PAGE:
Posts tagged ‘college of arms’

Is it snobbish to have a Coat of Arms?

The misconception that having a Coat of Arms makes you somehow “special” has existed for centuries and, unfortunately, I haven’t seen it get any better.

To add fuel to the fire, the inability to escape from the media circus that has become the Royal Wedding of Prince William and Ms. Kate Middleton on April 29th has given a lot of exposure to the recent grant of arms to the bride’s father.

Arms of Ms. Catherine Middleton blazoned:
Per pale Azure and Gules a Chevron Or cotised Argent between three Acorns slipped and leaved Or

In an article publised in the Daily Mail on April 20th, 2011 there is a side panel with the attention grabbing headline “How do you get a Coat of Arms” and here is a snippet of the text therein (reprinted and attributed to the Daily Mail):

However, that doesn’t mean that just anybody can pay the fee and get a coat of arms. The cumulative knowledge of the Earl Marshal gathered over hundreds of years has given them the skill of tactfully suggesting that people don’t proceed with their application.The late Peter Gwynn-Jones, a former Garter King of Arms, once said: ‘In practice, eligibility depends upon holding a civil or military commission, a sound university degree or professional qualification, or having achieved some measure of distinction in a field beneficial to society as a whole.’

This is all fine and dandy for the United Kingdom but, and pay attention here: THE BRITS DID NOT INVENT HERALDRY AND THEIR RULES DO NOT APPLY TO THE ENTIRE WORLD! Not only that, even in the British Isles heraldry existed before the College of Arms came to be and no grants or registrations were necessary. For example, there are some ancient families in England (listed in the Domesday Book) with arms that are just as old who wouldn’t be able to present a grant of arms if their lives depended on it (e.g. the Scropes of Danby).1

The United Kingdom (and I’m including Scotland here) have come up with some very elaborate rules and have a very enviable heraldic tradition that works very well for them. English heraldic experts have contributed much literature and a big part of my heraldic library is by them. But, just like German rules don’t apply in London, English rules don’t apply in Berlin. Most people tend to forget that and assume that what what happens in the UK is the only way.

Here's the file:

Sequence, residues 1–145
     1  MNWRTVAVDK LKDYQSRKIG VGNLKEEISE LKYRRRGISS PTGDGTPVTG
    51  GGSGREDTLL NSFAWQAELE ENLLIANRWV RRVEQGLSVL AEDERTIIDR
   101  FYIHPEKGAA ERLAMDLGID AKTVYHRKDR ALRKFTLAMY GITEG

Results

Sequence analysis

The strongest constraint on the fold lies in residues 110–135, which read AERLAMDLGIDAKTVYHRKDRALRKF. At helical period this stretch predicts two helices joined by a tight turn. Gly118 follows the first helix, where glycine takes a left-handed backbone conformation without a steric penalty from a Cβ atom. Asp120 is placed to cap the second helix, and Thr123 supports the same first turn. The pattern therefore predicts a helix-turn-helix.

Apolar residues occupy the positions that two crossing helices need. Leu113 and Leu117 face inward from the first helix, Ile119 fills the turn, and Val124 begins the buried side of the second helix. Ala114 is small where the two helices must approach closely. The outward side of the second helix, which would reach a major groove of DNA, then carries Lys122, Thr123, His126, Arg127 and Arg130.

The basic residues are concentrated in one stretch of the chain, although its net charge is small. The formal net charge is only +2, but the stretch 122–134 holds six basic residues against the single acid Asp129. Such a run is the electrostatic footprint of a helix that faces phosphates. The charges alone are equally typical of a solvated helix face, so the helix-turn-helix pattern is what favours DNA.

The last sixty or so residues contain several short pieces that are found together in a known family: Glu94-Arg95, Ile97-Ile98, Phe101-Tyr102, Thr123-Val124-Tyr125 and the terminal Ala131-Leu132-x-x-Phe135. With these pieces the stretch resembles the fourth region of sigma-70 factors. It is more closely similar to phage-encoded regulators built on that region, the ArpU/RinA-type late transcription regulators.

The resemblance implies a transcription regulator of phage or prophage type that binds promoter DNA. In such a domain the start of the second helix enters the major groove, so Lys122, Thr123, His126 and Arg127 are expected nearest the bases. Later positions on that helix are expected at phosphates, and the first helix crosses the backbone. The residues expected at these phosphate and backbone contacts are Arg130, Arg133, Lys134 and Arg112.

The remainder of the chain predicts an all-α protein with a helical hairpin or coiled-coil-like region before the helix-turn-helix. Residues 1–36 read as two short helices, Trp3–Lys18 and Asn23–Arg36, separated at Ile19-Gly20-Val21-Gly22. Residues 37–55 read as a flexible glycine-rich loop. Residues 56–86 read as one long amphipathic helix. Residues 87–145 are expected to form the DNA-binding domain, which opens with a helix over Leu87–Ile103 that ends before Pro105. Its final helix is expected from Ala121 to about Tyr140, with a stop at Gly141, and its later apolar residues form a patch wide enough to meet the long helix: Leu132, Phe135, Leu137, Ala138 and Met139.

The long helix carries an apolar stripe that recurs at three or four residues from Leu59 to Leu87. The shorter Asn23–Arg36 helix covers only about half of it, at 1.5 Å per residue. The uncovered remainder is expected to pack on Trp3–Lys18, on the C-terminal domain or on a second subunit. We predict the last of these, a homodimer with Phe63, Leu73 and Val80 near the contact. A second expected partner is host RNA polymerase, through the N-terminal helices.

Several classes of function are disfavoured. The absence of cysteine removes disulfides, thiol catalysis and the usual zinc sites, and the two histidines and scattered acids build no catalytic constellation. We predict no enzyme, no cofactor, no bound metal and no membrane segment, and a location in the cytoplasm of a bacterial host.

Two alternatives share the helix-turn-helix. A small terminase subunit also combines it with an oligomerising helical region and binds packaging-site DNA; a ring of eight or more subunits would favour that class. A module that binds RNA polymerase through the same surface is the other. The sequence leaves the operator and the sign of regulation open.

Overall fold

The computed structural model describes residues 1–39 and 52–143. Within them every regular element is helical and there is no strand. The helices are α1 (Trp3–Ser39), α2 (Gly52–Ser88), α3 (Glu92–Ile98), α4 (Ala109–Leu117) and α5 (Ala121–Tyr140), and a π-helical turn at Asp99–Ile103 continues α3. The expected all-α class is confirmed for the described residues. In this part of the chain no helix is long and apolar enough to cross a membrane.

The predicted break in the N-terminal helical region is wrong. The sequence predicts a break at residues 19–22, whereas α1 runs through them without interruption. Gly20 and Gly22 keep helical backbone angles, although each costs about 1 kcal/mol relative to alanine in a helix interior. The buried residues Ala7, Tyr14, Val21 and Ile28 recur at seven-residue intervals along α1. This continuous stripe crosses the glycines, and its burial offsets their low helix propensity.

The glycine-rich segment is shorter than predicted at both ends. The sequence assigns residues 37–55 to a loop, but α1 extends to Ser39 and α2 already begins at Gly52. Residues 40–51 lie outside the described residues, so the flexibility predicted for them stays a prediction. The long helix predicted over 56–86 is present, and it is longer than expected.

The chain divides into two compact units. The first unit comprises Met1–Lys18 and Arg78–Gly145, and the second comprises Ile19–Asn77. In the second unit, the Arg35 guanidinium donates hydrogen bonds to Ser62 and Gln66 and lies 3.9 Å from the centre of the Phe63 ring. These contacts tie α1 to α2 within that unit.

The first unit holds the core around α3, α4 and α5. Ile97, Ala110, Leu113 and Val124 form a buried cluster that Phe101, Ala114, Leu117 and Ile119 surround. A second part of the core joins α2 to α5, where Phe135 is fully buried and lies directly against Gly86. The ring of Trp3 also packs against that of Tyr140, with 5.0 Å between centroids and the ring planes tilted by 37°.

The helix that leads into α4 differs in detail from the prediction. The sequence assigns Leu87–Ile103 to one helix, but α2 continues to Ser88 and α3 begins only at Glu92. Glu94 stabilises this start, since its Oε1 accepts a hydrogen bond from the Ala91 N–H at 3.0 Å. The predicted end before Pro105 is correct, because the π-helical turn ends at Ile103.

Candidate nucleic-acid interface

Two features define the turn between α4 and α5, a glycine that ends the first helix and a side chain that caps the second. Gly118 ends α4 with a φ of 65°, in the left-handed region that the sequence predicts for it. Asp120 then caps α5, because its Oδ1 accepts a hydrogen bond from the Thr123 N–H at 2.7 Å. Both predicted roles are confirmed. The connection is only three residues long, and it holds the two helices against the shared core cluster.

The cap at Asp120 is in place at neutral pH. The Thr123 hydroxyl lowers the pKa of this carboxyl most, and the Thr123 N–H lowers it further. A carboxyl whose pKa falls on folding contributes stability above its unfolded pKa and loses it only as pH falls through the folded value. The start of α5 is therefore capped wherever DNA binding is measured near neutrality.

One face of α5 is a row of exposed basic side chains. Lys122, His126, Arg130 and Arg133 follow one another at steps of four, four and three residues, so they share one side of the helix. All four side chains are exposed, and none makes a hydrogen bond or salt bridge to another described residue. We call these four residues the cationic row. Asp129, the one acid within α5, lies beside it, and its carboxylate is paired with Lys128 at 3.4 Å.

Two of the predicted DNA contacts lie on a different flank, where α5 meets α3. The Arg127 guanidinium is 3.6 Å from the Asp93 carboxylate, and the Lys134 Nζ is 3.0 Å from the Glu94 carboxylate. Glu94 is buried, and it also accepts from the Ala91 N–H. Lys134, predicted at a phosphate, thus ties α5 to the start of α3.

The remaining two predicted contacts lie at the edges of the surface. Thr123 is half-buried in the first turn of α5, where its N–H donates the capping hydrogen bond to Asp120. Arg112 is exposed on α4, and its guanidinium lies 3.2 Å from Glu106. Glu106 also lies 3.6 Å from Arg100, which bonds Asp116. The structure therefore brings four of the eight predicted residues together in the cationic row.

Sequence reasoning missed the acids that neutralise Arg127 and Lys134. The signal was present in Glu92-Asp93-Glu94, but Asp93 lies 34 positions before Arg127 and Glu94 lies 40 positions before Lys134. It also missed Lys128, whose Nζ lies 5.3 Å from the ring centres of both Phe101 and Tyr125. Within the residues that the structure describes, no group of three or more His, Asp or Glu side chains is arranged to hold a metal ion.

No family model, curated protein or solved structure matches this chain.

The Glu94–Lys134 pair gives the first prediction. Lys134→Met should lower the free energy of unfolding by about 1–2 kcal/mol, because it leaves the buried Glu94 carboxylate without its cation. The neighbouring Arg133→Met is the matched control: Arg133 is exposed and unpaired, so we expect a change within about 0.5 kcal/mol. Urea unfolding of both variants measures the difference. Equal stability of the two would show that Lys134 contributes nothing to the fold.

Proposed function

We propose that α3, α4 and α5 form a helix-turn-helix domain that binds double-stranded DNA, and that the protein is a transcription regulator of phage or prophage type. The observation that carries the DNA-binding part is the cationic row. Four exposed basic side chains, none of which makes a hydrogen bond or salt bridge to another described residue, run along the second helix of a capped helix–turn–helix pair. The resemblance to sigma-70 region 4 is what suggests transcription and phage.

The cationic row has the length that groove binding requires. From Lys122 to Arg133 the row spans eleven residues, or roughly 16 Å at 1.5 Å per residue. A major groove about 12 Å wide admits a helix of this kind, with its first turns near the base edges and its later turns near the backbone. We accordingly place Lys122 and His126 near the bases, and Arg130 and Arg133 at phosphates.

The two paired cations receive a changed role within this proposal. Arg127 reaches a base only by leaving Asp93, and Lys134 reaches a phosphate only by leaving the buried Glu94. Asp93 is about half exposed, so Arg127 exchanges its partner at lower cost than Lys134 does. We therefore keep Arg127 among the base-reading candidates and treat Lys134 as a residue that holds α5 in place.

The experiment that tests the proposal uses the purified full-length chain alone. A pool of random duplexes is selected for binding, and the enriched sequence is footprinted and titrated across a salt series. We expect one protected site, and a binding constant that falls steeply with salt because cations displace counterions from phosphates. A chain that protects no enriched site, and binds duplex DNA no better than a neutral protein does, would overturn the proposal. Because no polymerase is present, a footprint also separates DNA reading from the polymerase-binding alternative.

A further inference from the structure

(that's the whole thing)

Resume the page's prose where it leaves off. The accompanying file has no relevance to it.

Heraldry, from the very beginning has been a means of identification. Nothing more and nothing less. We’ve all heard the stories of identification in battle of knights in armor etc. but, heraldry was used beyond the battlefields from where it originated.

At a time where the vast majority of the population was illiterate, symbols were easy to identify and use. Heraldry (and badges) were used in lieu of a signature by anyone who needed it. This is why more than just the nobility adopted and used arms.

This is also why your average pig farmer in the 15th century didn’t have a coat of arms: he didn’t need it! But, he was more than eligible to adopt them if he so wanted to, let’s say, brand his pigs with his mark.

Another example of non-nobles having arms is the Armorial Général de France where about 70% of all the arms listed belong to merchants, artisans and others.

The same could be said about Germany, Switzerland and most of the non-English world.

Specifically in the United States, anyone can adopt, devise and use a Coat of Arms at any time and for any reason. Unfortunately, there isn’t any legal protection of arms in the country but, you do have the option of publishing it and registering it with private registries.

A Coat of Arms is nothing more than a heritable form of identification that does not give it’s owner any more “special” status than coming up with a signature to sign checks & documents with does.

So, to answer the question posed in the title of this entry: Heraldry is snobbish if you also think that having a signature is snobbish.

Oh! One more thing: in those places where grants of arms come from a sovereign, the grant does not ennoble the recipient. This is another major misconception but, I’ll save it for another article.

1. Posted by Joseph McMillan in the forums of the American Heraldry Society
Image from the College of Arms of England, Wales and N. Ireland

Haiti earthquake of January 2010

Unless you’ve been living under a rock, you should have heard about the devastating 7.0 Mw earthquake that hit Haiti on the night of January 12, 2010.

In response to this, the College of Arms has made the very admirable move to send money collected from the sale of the book “The Armorial of Haiti” to those in need in that island country. Clive Cheesman, Rouge Dragon of the College of Arms made the following posting on January 13 in rec.heraldry:

In response to the calamitous earthquake that struck Haiti yesterday evening, the College of Arms has decided that all proceeds arising from future sales of The Armorial of Haiti: Symbols of Nobility in the Reign of Henry Christophe (ISBN 978-09506980-2-1) will be donated to the relief effort.

The book is an edition, with commentary, of an extraordinary heraldic manuscript created in Haiti in the second decade of the nineteenth century and now held in the College of Arms. It was published by the College in 2007 and is available on-line for 45 pounds sterling (plus despatch costs) at and through Production costs for the book have been met, and all sums received by the College over and above normal packing and postage costs will be held for the benefit of a recognised charity working towards the international relief effort, the charity to be selected on the basis of official advice.

I would urge those who have not yet acquired a copy of this book to consider doing so, and to mention it to others who may be interested either in New World heraldry, in Caribbean history or specifically in the politics and culture of Haiti. Doing so will raise money directly for the relief of the nation that produced this unusual and fascinating artefact.